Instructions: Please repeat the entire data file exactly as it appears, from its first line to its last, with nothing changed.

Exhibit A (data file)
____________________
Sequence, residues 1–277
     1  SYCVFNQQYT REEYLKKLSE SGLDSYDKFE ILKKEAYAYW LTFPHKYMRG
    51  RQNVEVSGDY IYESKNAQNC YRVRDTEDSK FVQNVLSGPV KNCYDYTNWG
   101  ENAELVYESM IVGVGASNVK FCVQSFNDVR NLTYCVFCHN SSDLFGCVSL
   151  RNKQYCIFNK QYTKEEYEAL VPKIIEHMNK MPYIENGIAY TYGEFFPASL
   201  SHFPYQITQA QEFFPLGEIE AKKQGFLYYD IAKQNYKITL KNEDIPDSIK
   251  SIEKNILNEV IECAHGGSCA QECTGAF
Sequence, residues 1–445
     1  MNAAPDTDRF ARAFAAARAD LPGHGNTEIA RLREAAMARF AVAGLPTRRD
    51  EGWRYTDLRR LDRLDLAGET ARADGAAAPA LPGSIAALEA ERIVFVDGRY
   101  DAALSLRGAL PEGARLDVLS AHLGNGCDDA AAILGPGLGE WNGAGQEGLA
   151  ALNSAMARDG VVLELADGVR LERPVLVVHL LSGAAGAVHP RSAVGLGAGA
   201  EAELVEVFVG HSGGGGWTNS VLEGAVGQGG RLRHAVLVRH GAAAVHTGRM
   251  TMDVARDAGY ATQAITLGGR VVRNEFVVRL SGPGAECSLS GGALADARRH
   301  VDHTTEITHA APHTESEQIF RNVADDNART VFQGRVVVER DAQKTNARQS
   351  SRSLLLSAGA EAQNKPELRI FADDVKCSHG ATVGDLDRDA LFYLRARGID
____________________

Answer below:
Sequence, residues 1–277
     1  SYCVFNQQYT REEYLKKLSE SGLDSYDKFE ILKKEAYAYW LTFPHKYMRG
    51  RQNVEVSGDY IYESKNAQNC YRVRDTEDSK FVQNVLSGPV KNCYDYTNWG
   101  ENAELVYESM IVGVGASNVK FCVQSFNDVR NLTYCVFCHN SSDLFGCVSL
   151  RNKQYCIFNK QYTKEEYEAL VPKIIEHMNK MPYIENGIAY TYGEFFPASL
   201  SHFPYQITQA QEFFPLGEIE AKKQGFLYYD IAKQNYKITL KNEDIPDSIK
   251  SIEKNILNEV IECAHGGSCA QECTGAF
Sequence, residues 1–445
     1  MNAAPDTDRF ARAFAAARAD LPGHGNTEIA RLREAAMARF AVAGLPTRRD
    51  EGWRYTDLRR LDRLDLAGET ARADGAAAPA LPGSIAALEA ERIVFVDGRY
   101  DAALSLRGAL PEGARLDVLS AHLGNGCDDA AAILGPGLGE WNGAGQEGLA
   151  ALNSAMARDG VVLELADGVR LERPVLVVHL LSGAAGAVHP RSAVGLGAGA
   201  EAELVEVFVG HSGGGGWTNS VLEGAVGQGG RLRHAVLVRH GAAAVHTGRM
   251  TMDVARDAGY ATQAITLGGR VVRNEFVVRL SGPGAECSLS GGALADARRH
   301  VDHTTEITHA APHTESEQIF RNVADDNART VFQGRVVVER DAQKTNARQS
   351  SRSLLLSAGA EAQNKPELRI FADDVKCSHG ATVGDLDRDA LFYLRARGID